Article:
Going to options and making the battle style "set", leaving the player unable to switch out.
Banning the use of Pokémon Centers, relying only on Potions and healing items for healing
Limiting Pokémon Center visits to a certain number per town.
Banning the use of held items.
Banning the use of Master Balls.
Rather than releasing the Pokémon, it can be permanently boxed, migrated, or transferred with Poké Transfer should it happen to faint.
The player may not evolve captured Pokémon, but evolved Pokémon may be caught.
No catching/using legendary Pokémon.
If the player runs into a Shiny Pokémon on the incredibly rare chance, the player may still catch it, regardless of whether or not it is the first encounter in the area. It also does not need to be released if it faints.
As another mercy rule, each gym badge acts as a checkpoint. If the player gets a game over, they can start from when they got their previous gym badge.
If the player has no Pokémon that can use a certain field move that is required to continue through any given point of the game, they may catch another Pokémon that can learn said field move. However, it cannot be used in battle for any reason, and must be released, permanently boxed, or migrated as soon as the player gets another Pokémon that can use said field move.
Modifying the "first encounter only" rule for the Safari Zone, sometimes allowing one encounter for each area, or until they catch one Pokémon in the entire area, and vice versa.
Banning the use of Poké Marts.
Setting a level limit based on the next Gym Leader's/Champion's highest leveled Pokémon. Any team members that surpass that limit before taking on the Gym Leader or Elite Four must be released.
Most of these are general Pokémon things, though. Let's add Omega Ruby and Alpha Sapphire-specific stipulations, shall we? Here's one.
A Nuzlocke run in Omega Ruby and Alpha Sapphire MUST require players to max out a Pokémon's friendship in Pokemon Amie. This is something that should take maybe 30 minutes tops, and since it's a mode that requires you to pet, play with and feed your Pokémon, chances that you'll care about the Pokemon are even higher. Excellent. This bond means that if that Pokemon ever faints/'dies', it'll hurt even more.
And here's an optional variation, let's call it the Wonder Run: instead of playing with whatever Pokémon you first encounter in a new area, catch six Pokemon. Any Pokémon will do. Then go into Wonder Trade, which is a new online feature that lets you get a random Pokémon in exchange for one of your own, and trade these six Pokémon away. Whatever you get in return, that's your team. From there, you can proceed as if it's a Nuzlocke Run.
Mono-type run: Pick a type—fire, water, grass, what have you—and go forward with a team of only that type. You can pretend you're a gym leader if you'd like.
Solo-run: You get one Pokémon, and one Pokémon only. Add additional Nuzlocke rules, if you'd like, and whatever you do, choose wisely.
Community run: Your friends or strangers pick your team, and the moves to go along with every Pokémon. You have to go with it, regardless of what team or moves you end up with...but just to balance things out, at least one of these moves has to be an attack move, ha.
No Evolution run: what it says on the tin. Whenever a Pokémon starts evolving, press B. No stat boosts for you.
No Mega Evolution Run: put that mega stone away, and play only with normal Pokémon. Since Mega Evolutions give your Pokémon a boost, they're not ideal for those looking for a challenge.
This is less "to make things harder" and more "to keep things interesting." If you learn how to create specific, powerful Pokémon with the moves and abilities you want, you're going to have to learn a few new mechanics, including the ins-and-outs of what IVs and EVs are. This is the sort of thing you'll need to do if you want to seriously play against other real people, too—because I can guarantee you, most of these hardcore players don't run around with normal, run of the mill Pokémon. They breed special, if not outright perfect Pokémon with all the right stats and moves.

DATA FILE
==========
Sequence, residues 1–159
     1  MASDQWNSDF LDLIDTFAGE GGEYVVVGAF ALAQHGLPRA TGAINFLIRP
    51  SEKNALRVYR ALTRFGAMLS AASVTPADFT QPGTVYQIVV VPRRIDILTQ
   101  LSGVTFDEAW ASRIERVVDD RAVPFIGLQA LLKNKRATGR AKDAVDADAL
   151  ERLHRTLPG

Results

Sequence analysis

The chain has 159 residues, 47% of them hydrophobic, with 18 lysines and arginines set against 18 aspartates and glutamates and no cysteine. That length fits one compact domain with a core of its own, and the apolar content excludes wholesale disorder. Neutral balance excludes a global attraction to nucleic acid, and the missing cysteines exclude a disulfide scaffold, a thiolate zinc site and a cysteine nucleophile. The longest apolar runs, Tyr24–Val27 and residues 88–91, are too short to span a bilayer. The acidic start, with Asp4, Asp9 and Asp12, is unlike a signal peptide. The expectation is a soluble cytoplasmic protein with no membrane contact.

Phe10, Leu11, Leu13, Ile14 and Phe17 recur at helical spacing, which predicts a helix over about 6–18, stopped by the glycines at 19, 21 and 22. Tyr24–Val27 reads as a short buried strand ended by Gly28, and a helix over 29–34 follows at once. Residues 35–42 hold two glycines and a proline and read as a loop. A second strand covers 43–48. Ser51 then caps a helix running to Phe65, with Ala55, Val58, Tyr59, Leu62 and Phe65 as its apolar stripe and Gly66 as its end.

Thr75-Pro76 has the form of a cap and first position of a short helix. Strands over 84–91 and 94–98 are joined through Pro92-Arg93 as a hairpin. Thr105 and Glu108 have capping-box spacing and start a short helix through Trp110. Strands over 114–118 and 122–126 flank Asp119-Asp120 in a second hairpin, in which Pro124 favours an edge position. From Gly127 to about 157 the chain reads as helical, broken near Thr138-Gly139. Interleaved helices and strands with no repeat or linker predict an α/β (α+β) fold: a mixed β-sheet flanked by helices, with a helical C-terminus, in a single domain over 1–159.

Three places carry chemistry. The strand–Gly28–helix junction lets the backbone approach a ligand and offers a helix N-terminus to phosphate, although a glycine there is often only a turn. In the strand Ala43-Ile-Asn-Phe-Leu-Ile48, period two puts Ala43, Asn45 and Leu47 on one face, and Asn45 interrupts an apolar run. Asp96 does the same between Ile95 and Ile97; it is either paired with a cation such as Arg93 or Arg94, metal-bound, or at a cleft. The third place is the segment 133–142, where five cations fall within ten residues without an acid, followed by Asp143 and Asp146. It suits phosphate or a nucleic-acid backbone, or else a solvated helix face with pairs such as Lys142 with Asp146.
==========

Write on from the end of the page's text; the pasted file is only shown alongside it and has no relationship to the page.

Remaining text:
Here's a good primer on some of the things you'll need to know to breed in Omega Ruby and Alpha Sapphire:
Once you beat the game, you can visit a place called the Battle Resort. Here, you'll find lots of powerful trainers that are eager to take you on. You can also challenge the Battle Maison, where you'll see how many trainers you can take on in a row without losing. Getting a big streak is harder than it sounds, even if you have powerful Pokémon. Plus, the Battle Maison offers some variety, too. It's not just single battles, you can also try double, triple, rotation or multi-battles. The normal game doesn't feature much outside of single battles.
And the more you win, the more "Battle Points" you earn—which you can trade in for prizes. So it's not just added difficulty, you can get some rad stuff for your time, too. Did I mention that some of the trainers you can challenge are people like May, Wally, and Steven?
Once you beat the game, you'll also gain access to something called the Battle Institute, which is located in Mauville City. Here, you can do something called a "Battle Test." Battle Tests give you five battles in a row, all of which you have to win. Some Pokémon are banned, too, so don't think you can just bring in your high-level Deoxys and Rayquaza.
And finally, we can't forget about the Delta Episode, which is the best part of the game. You should play it. If nothing else, it gives you the opportunity to get very powerful, and tough-to-capture Pokémon. Which brings us to...
The tagline for the franchise is no laughing matter. There are more than 700 Pokémon now, and getting a hold of all of them is hard. That's especially true if we take into account the legendary Pokémon in Omega Ruby and Alpha Sapphire, some of which are tough to find and capture. Give this challenge a try, if you dare—especially if you don't care about the battling in Pokémon. You can think of it a bit like trying to get a full set of furniture in Animal Crossing, only there are hundreds of pieces to collect.
Pokémon games have never been particularly difficult. As much as I think Pokémon is about the experience and not the challenge, I know that breezing through a game isn't everyone's cup of tea. I'd hate for you to play the otherwise excellent Omega Ruby and Alpha Sapphire and feel bored because it isn't very difficult. Hopefully these tips help with that—but surely they're not the only options you have to keep things interesting in ORAS. Feel free to share any advice or playstyles you've adopted to make Omega Ruby and Alpha Sapphire more challenging in the comments!